How hard was the editing process?
Ice-T: Impossible. I started out with a five hour edit, and then got it down to three hours. Then we had to get down to two hours for Sundance. It was hard. I have two hours of footage on every one of these artists.
As this is your first effort directing a film, who did you go to for guidance?
Ice-T: Nobody really. The guys from JolyGood Films had a TV show in London about a songwriter’s workshop, so they know how to cut and edit several productions. They were sending me footage and going and back with notes. We shot the footage before we knew how to assemble the movie. We had no plan on how to assemble the movie. To tell a true story, you have to start at the beginning. We started with Grandmaster Caz, who was writing raps before it was recorded and made records. He was the ghost writer for The Sugarhill Gang‘s classic, ‘Rapper’s Delights.’ We started with him and then we went to the legends, Afrika Bambaataa, and Melle Mel. These were the first people I met when I got into rap.
Where do you think rap is at from this stage of the game?
Ice-T: Well, it’s pop right now. It’s been force into a pop vortex where there is a lot of really good rap out there, but you’re not hearing it. It’s floating around in the internet and underground. The rap that is selling is being pushed through by corporations, and those companies are putting out whatever they feel is the right rap. It’s basically party music. It doesn’t really have content. Radio never really wanted us to have content. They just wanted it to be simple and diluted. It’s not the rapper’s fault because this is their career. They’re forced into doing what the last record sounded like and it just got diluted. Pop was always the enemy of hip hop, so it sort of got sucked in. It’s not just hip hop, it’s all music. What happened with Rage Against The Machine? There’s no music that’s standing up and saying anything at this moment. We also have a lot going on in the world like people losing their home or the war, but none of today’s music reflects it.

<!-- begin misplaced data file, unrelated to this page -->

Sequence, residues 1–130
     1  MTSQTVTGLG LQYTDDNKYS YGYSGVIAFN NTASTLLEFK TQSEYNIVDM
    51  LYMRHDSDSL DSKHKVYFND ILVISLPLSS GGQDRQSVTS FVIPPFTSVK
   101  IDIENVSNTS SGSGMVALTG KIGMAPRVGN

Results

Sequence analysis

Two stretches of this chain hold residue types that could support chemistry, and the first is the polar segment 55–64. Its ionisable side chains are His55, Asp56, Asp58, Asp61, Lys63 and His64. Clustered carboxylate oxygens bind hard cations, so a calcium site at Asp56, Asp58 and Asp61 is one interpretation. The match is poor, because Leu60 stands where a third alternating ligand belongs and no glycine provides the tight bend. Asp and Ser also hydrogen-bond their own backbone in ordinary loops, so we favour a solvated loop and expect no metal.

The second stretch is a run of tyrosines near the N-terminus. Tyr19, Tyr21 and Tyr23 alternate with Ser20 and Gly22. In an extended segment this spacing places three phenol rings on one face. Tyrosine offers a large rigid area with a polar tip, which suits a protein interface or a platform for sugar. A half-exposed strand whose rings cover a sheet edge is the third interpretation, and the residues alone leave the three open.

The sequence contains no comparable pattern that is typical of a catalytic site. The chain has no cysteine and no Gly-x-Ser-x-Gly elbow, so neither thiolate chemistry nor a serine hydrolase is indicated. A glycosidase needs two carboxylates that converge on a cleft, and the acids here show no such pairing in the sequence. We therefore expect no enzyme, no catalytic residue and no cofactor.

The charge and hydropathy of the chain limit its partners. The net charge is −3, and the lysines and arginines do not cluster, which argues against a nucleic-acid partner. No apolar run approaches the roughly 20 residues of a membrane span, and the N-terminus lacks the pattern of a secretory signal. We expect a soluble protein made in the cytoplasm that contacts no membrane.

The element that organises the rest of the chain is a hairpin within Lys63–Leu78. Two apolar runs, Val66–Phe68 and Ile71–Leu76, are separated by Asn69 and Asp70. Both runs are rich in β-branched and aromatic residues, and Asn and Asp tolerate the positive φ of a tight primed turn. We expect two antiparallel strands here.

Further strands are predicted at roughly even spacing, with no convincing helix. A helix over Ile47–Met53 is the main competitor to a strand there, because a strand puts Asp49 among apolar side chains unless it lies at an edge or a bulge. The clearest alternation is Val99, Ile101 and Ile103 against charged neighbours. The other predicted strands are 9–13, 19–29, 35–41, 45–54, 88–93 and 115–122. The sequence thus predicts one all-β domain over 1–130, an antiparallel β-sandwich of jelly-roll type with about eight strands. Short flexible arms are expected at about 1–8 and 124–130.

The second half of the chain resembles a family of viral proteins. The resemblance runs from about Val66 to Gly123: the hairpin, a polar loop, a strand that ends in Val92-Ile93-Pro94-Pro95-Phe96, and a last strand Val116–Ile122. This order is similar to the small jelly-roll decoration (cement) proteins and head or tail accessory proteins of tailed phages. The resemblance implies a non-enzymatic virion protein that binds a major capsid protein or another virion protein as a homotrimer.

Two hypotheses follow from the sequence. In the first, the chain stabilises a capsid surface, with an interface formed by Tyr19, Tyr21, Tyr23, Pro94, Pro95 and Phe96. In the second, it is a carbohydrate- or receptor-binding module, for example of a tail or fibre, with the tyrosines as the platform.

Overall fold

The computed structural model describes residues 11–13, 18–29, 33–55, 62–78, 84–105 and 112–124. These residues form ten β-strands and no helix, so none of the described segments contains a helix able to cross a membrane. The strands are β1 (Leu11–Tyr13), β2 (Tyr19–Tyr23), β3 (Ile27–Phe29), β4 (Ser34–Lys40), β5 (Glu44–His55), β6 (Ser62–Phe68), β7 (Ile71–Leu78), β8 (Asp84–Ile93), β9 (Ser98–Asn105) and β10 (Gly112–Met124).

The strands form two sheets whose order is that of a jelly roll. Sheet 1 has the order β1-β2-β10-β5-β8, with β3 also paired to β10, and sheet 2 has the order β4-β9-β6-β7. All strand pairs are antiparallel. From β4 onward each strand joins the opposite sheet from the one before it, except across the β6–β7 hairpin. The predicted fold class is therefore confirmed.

After completing this, how proud are you going into your next project?
Ice-T: This is the biggest rush I’ve had in ten years. I’ve been on ‘Law & Order: SVU’ now 14 years, but this is a big rush for me. It’s like getting a gold record. This opens up a whole new lane in my life and career. Now, they want me to direct features and that’s what I want to do. Chuck D said, “Ice-T is the only person he know that does things that totally jeopardizes his career to stay away.” I’m someone that always wants to try something new. If this movie is successful, I’ll be able to get into the film business and make movies like Tyler Perry.
What do you want to people to walk away with after seeing the film?
Ice-T: Just respect for the art form and just appreciation of something from nothing. This art form came from kids and there was no radio and somehow the culture bred something that is now globally powerful. There are kids rapping all over the world and don’t look at it like it’s a joke. This is something that needs to be respected. It’s an American art form and don’t make the Europeans say it’s great before America really embraces it. The film is for anyone who ever loved rap, was curious about rap, and lived it.